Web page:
A recent BBC News story tells of an investigation by Argyle and Bute Council into the activities of one of its teachers on Twitter. According to the report, the teacher had been posting up to 38 tweets a day, many of which were posted during school hours. Although the micro-blogging site is blocked on school computers, the teacher is thought to have been using her mobile phone.
Although the individual’s Twitter account has now had all messages deleted, some of the more interesting tweets quoted by the BBC report included:
“Have three Asperger’s boys in S1 class – never a dull moment! Always offer an interesting take on things.”
“The thought of having some of my S4 beyond exam time doesn’t bear thinking about – for them as well as me I suspect.”
“Depute came in while I was logging on.”
The individual talks about an interest in using IT and technology in education, and also runs a blog looking at such things. It is clear that they have a significant professional interest in the subject, and their use of Twitter appears to be a natural extension of this. As blogger and teacher Joe Dale points out in his post Creating your PLN [personal learning network] in Twitter, platforms such as Twitter and wikis:
can be used by teachers to create their own personal learning network and allow themselves to connect with others from around the world.
It is regrettable that attention has been brought to this practice due to what could be seen as inappropriate usage, but this really only serves to highlight the risks around Social Media, for both employee and employer, as well as the crucial need for clear policies to ensure that everyone knows where they stand.
A key issue for me is the fact that Twitter appears to have blurred the boundaries between professional and social networks. Facebook and the like serve as a predominantly social service, whilst sites such as LinkedIn provide a purely professional platform. Although some cross-over exists on these sites, it has perhaps never been so integrated as on Twitter. As one comment on Joe Dale’s blog post states:
on top of all the benefits of Twitter from a professional point of view, having had a tough time at the beginning of the year, I can say that Twitter was also a great personal support to me.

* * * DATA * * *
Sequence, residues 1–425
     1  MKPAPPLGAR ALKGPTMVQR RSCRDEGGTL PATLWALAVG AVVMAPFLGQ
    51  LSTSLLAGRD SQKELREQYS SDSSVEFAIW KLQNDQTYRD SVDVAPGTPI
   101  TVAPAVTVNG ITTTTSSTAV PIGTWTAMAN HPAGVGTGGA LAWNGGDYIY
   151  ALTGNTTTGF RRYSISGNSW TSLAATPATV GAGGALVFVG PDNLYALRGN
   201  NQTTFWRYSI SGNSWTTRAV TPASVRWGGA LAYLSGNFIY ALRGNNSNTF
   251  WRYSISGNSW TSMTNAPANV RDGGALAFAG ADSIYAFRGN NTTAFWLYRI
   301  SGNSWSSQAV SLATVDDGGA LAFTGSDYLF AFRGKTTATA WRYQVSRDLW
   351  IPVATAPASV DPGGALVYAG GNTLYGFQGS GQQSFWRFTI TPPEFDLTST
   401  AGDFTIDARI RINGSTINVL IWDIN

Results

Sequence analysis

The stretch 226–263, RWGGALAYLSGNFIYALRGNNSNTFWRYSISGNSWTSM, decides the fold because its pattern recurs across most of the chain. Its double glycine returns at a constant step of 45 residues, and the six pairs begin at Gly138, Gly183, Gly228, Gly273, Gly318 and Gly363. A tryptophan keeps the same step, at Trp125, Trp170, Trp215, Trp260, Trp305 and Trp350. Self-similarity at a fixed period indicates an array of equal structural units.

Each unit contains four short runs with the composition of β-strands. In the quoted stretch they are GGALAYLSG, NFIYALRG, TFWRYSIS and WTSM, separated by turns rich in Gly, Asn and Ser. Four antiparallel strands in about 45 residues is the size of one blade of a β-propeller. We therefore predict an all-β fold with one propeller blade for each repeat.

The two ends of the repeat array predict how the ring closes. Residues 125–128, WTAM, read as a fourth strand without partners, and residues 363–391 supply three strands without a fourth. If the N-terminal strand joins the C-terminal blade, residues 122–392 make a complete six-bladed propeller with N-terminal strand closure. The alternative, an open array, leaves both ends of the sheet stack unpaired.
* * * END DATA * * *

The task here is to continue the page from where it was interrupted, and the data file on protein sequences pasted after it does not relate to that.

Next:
You can immediately see a potential for conflict here. If such platforms are being used as a place for support, how easily could the issues discussed there be linked back to the person? If someone is discussing a troublesome pupil, for example, how simple would it be for pupils or parents to follow that discussion and infer the identify of the individual?
This is a risk not just in an education context, but in any context where people are dealing with individuals or sensitive information. We’ve seen various stories recently of people getting into hot water for posting comments about customers, clients, and even employers. The risks seem obvious to me, but for some it is not so obvious, especially if you don’t fully appreciate how far your content can spread (actually, even I have been surprised recently by how prominently many of my own tweets appear in search engines).
The case of the Argyle and Bute teacher is not a one-off. Far from it. The Twitter4Teachers wiki, created by Gina Hartman, provides links to loads of Tweeting teachers (whom I will call Tweechers, although a Google Search suggests I’m not the first to use the term). A quick scan of some of the accounts linked to from here identifies a few comments that some could find potentially inappropriate, including this controversial post from an English and Drama teacher:
Darwinian missing link FOUND! Take THAT, you creepazoidal Creationists and shove it up your illogical arses!
Clearly, then, employees need to be made aware of how their online activity could impact their job and reputation.
Of course, another element of the Argyle and Bute story is the fact that the teacher appeared to be Tweeting during class time. This takes it to a new level, where the employee is potentially acting inappropriately by not doing their actual job. I don’t suggest that this is the case here – we don’t have access to all the facts and the Council itself has said they are not pursuing disciplinary action. But it is a major concern for employers in general, including my own organisation who block access to all such Social Media sites on the network (including sites such as YouTube).
My opinion, though, it that many of these issues are management issues, rather than technical ones. As the Argyle and Bute case clearly showed, people will find other ways of accessing these platforms, be it via mobile devices, proxy servers or even via mash-up style interfaces offering alternative routes into sites (for example, neither dabr nor Accessible Twitter are blocked by my organisation, allowing two easy ways to circumvent the Twitter ban).
Also, if staff want to waste time, they can do so in all manner of ways (online or offline). They may not be able to access their Facebook account, but they can probably still view certain other sites, or send text messages, or read a newspaper, or chat to a colleagues… This is why I would argue that it is a management issue, and whilst there are certain technical risks to allowing employees access to Social Media sites (bandwidth consumption, security vulnerabilities), the majority of them can be accounted for.
In conclusion, there is a clear need for organisations to adopt comprehensive policies to address the issue of Web 2.0 and Social Media, allowing employees to utilise the endless opportunities which these platforms offer, whilst mitigating against the risks, teaching its staff how to use the platforms properly, and therefore focusing the responsibility on to those who wish to engage with the technologies. In doing so, an organisation would be seen as progressive and open to change, and would also send out a clear message that their employees are trusted and valued.